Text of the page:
The Punjabi spirit.

The Punjabi spirit.

Stopped outside Delhi, farmers put up tents, make food at Singhu

True Punjabi spirit amidst 'Delhi Chalo'; protesters offer water, food to police

Prashun Bhaumik | New Delhi/Lucknow | 27 November, 2020 | 11:20 PM

After over four hours of tug of war between the security forces comprising Delhi Police and the paramilitary on one side and the tens of thousands of farmers on the other side of the national capital periphery that saw water cannons gushing out chilled showers and several rounds of tear-gas shells, it appears to be a lunch-time truce, with farmers groups plopping down at the borders putting makeshift arrangements to prepare food as Delhi denies them entry.

A farmer said, “We want to reach Delhi, but we have been stopped by Police here (Singhu border). So we have sat here on protest and are preparing food for our friends who are in this protest with us.”

He said that we have food stock for more than a week with us, and more farmers are coming from Punjab with more food stock. “Once they join us here we are ready for sitting on protest for long period,” he said.

The farmer further said that they are only coming to Delhi to protest peacefully against the Agriculture Bills passed by government in September this year.

Several farmers groups sat on protest near the border and raised slogans against the government.

At the Delhi-Haryana Singhu border, the Delhi Police has put three layer barricades with barbed wires, followed by trucks to stop the agitating farmers marching towards Delhi, with several vehicles of water canons.

Besides the Delhi Police, hundreds of para military force personnel are also present at the Delhi-Haryana border to stop the farmers from entering Delhi.

In view of no permission from the Delhi Police to enter Delhi, the farmers brought out their stoves and started preparing food for themselves. Thousands of farmers from Punjab, Haryana and several other states will wait it out, a protester said.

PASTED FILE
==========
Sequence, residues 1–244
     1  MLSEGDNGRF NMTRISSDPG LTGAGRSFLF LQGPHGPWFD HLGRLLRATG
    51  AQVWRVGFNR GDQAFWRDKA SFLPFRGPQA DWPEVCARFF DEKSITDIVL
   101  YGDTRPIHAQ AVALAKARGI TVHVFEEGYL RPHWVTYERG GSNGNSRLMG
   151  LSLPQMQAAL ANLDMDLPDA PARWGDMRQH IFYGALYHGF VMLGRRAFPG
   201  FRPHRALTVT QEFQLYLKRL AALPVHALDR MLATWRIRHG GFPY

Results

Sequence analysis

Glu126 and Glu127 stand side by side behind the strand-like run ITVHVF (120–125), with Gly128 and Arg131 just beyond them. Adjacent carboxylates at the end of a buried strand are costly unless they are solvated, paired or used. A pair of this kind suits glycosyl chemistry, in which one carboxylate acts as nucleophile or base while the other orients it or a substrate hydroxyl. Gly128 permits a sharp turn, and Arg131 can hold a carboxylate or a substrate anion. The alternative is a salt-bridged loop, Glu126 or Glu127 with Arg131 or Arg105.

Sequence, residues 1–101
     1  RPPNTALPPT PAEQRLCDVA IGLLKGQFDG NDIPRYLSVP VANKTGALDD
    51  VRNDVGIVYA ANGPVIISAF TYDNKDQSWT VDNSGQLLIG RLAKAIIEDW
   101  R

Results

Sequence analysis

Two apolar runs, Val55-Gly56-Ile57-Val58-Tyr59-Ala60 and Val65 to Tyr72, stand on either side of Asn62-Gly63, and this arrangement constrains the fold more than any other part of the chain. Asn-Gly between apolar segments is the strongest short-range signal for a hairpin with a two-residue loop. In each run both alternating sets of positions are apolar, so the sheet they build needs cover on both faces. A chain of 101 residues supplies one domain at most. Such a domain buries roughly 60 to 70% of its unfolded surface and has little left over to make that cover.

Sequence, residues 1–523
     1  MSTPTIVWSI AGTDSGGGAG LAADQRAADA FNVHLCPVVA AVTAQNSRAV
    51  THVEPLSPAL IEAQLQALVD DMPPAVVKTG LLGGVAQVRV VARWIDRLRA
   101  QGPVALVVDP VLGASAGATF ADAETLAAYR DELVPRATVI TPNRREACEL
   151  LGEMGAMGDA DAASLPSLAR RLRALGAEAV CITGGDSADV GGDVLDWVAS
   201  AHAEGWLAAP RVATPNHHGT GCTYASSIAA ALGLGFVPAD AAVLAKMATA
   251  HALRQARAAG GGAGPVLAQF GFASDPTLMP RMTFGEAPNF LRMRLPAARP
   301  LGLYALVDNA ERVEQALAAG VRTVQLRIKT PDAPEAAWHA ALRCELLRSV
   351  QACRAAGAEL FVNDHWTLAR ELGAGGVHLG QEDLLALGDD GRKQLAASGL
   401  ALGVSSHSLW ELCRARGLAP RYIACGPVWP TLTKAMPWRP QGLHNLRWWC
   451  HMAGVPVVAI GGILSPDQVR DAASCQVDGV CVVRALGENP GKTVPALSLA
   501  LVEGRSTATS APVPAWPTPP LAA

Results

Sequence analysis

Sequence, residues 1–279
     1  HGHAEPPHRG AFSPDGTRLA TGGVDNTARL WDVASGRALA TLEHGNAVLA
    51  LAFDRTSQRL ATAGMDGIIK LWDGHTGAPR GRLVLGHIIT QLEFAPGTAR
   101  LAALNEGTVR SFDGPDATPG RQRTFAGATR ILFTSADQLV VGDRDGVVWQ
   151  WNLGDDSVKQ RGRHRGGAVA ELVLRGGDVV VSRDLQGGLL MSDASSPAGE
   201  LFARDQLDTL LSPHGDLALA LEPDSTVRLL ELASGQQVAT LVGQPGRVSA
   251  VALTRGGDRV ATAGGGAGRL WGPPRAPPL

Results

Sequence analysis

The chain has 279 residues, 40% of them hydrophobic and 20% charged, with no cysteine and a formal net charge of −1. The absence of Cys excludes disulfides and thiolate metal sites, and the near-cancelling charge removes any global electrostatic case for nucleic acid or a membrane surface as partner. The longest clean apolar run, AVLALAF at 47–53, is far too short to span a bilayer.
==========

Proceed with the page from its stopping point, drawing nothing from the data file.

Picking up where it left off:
Even as it remained a contest of who blinks first the Centre or the farmers, Delhi Police remain fully prepared to stop the farmers from entering the national capital as part of their ‘Dilli Chalo’ programme against the controversial Agriculture Bills.
The Punjabi spirit of providing humanitarian aid in disaster areas and civil conflict zones around the world has now been reflected in their onward march from Punjab to Delhi for a planned protest named ‘Delhi Chalo’ against new farm laws.

A protester was seen offering water to a security personnel en route to the national capital.

“This is what the Punjabi spirit is all about! From satiating India’s hunger to quenching the thirst of this security personnel — clearly, the farmers of Punjab only know how to give. So time to give something back to them?” tweeted Punjab Chief Minister’s Media Advisor Raveen Thukral.

Bracing teargas and water cannons on the second day on Friday, another batch of hundreds of thousands of protesting farmers from interiors of Punjab breached the massive blockades comprising huge boulders, barbed fence and mounds of earth to enter Haryana for their protest against the farm laws.
Even as hundreds of farmers rallied at interstate borders to enter Delhi for their proposed protest against the three central agricultural laws, Delhi Police said it had decided to close Tikri and Singhu entry points.

The Delhi Traffic Police advised commuters to avoid roads and stretches on the Delhi- Haryana border due to crowds of farmers who were adamant on marching into Delhi. Hundreds of commuters have already been left stranded and stuck in traffic jams and snarls on these roads.

Earlier in the day, thousands of protesting farmers had gathered on the Delhi-Haryana borders, after which Delhi Police used tear-gas shells and water cannons to push them back.